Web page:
“Not only is the ONDCP the only federal office required by law to oppose rescheduling marijuana even if it is proven to have medical benefits, but it is also prohibited from studying if that could be even be true,” said Congressman Cohen. “The ONDCP’s job should be to develop and recommend sane drug control policies, not be handcuffed or muzzled from telling the American people the truth. How can we trust what the Drug Czar says if the law already preordains its position? My bill would give the ONDCP the freedom to use science—not ideology—in its recommendations and give the American people a reason to trust what they are told.”
Video of Congressman Cohen raising this issue to ONDCP Deputy Director Michael Botticelli last week at House Oversight Subcommittee hearing is available here, and video of his opening remarks at the same hearing can be found here. At the hearing, Congressman Cohen also explained to Deputy Director Botticelli how these policies and other anachronistic laws have resulted in a failed drug war and a generation of young Americans who believe the government has lied about the dangers of marijuana.
Congressman Cohen today also joined a bipartisan coalition led by Congressman Earl Blumenauer (OR-03) in sending a letter to President Obama encouraging the reclassification of marijuana from Schedule I. If a drug is listed under Schedule I, it means that the federal government recognizes no medical use. Including marijuana in this classification disregards both medical evidence and the laws of nearly half of the states that have legalized it for medical purposes.
“You said that you don’t believe marijuana is any more dangerous than alcohol: a fully legalized substance, and believe it to be less dangerous ‘in terms of its impact on the individual consumer,’” reads the letter sent to the President. “This is true. Marijuana, however, remains listed in the federal Controlled Substances Act at Schedule I, the strictest classification, along with heroin and LSD. This is a higher listing than cocaine and methamphetamine, Schedule II substances that you gave as examples of harder drugs. This makes no sense.”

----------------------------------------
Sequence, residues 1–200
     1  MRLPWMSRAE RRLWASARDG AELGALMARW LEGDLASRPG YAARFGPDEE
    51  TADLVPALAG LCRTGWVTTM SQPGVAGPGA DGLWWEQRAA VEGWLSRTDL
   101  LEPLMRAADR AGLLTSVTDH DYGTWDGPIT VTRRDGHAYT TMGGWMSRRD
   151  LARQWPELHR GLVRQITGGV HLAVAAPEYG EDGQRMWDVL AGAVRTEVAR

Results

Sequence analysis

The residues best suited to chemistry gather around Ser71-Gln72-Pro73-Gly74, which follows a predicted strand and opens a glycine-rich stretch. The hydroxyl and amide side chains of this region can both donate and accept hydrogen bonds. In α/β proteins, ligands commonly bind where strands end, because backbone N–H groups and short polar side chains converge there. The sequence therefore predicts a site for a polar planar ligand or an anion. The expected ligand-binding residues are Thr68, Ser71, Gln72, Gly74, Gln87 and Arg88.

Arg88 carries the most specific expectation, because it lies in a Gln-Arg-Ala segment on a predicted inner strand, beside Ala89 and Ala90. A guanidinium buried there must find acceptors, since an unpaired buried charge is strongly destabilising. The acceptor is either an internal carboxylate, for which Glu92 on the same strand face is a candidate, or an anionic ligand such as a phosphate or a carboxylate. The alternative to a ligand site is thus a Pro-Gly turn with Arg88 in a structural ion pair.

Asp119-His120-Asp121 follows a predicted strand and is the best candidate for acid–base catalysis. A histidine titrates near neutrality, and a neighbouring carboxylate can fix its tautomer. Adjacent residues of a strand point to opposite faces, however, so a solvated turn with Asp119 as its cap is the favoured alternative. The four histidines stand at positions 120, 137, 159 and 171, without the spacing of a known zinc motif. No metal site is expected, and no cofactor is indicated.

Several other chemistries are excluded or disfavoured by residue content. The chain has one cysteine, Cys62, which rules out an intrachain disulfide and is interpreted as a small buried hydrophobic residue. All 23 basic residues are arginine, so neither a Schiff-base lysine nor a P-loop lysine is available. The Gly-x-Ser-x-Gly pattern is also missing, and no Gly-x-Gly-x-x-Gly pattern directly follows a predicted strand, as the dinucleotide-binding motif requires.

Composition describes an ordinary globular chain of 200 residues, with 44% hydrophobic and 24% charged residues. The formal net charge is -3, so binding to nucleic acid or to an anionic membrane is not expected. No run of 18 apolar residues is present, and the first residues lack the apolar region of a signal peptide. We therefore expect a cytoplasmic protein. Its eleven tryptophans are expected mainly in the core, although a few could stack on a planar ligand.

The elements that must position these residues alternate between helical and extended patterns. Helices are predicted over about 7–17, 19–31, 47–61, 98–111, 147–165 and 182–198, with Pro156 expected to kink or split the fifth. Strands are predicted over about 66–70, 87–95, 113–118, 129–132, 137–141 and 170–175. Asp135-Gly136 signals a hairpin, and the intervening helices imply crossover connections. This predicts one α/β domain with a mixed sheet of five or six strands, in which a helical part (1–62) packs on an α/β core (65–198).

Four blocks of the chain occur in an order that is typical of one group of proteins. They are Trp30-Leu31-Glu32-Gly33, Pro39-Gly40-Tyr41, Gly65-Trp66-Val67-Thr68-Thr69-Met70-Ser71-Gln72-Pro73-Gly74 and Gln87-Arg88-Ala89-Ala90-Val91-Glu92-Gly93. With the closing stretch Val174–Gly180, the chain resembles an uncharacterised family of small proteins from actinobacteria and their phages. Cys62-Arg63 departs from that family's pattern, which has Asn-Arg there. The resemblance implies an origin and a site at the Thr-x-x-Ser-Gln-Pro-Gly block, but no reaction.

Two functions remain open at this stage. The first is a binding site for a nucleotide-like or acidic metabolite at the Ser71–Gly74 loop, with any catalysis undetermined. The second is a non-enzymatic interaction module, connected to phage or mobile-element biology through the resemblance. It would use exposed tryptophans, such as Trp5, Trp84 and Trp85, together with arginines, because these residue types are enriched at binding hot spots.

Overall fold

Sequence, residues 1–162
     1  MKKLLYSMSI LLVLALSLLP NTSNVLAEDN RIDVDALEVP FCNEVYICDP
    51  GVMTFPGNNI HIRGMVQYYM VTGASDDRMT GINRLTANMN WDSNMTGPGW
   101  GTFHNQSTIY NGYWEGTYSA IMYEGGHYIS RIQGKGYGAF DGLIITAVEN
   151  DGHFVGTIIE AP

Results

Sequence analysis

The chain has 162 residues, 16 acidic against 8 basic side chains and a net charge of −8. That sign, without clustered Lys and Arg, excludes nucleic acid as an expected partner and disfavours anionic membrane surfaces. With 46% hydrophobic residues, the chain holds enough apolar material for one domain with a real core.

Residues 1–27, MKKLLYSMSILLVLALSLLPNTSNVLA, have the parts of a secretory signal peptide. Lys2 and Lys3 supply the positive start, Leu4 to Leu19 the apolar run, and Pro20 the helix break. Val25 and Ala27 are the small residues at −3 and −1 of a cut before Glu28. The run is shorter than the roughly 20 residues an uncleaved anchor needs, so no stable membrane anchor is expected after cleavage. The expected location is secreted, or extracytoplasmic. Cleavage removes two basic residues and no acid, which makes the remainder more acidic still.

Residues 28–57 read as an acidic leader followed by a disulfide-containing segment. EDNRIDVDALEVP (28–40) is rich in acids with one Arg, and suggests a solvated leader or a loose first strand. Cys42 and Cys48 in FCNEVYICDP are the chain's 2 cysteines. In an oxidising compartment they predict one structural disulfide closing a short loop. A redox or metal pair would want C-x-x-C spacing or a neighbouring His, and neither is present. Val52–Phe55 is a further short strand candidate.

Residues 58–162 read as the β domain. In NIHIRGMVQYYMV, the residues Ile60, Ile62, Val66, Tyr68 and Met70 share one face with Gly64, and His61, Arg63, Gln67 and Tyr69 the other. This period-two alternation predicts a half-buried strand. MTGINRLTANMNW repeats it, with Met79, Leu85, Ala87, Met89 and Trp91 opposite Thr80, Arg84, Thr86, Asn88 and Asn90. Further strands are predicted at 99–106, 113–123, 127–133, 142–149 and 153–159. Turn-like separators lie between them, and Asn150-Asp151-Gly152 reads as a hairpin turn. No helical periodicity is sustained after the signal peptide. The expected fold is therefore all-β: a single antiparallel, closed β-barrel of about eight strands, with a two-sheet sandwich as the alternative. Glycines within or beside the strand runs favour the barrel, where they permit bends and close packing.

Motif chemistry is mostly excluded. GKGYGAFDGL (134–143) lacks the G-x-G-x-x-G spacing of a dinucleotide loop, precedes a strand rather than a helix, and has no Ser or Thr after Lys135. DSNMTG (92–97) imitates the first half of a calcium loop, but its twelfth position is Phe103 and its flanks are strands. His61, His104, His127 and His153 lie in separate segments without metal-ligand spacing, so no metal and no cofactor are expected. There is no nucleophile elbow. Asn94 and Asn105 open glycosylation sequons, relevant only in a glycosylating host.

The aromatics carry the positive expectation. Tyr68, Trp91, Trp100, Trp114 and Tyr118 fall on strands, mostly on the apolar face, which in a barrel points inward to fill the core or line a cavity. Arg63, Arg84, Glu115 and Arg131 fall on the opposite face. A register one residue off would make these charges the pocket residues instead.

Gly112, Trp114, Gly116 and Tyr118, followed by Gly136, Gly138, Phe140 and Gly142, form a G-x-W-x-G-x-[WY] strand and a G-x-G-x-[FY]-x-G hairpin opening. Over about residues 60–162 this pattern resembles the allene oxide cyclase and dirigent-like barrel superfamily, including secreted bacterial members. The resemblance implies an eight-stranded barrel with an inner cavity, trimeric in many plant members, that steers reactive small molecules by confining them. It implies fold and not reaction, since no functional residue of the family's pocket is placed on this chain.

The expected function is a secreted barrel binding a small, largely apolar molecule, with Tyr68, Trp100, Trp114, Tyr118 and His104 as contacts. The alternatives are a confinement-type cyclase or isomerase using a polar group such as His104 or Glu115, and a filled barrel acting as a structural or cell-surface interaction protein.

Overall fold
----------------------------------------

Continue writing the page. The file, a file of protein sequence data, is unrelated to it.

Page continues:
“Marijuana is not as dangerous as heroin,” said Congressman Blumenauer. “Yet, the federal government classifies both as Schedule I substances, the highest possible listing. This makes no sense, and the majority of Americans agree. That is why I sent a letter to the President asking him to reschedule marijuana in a more appropriate context, and why I support this legislation to remove restrictions on the administration that inhibit conversations about rescheduling. The American people want us to have a rational conversation about drug policy, and this is long overdue.”
With the ONDCP prohibited from further study of medical benefits or safety, Congressman Cohen has also introduced legislation to create a National Commission on Federal Marijuana Policy. The Commission would undertake a comprehensive review of the federal government’s current policies toward marijuana, particularly in light of the growing number of states where marijuana is already legal for medicinal or personal use. More information about the Congressman’s legislation can be found here.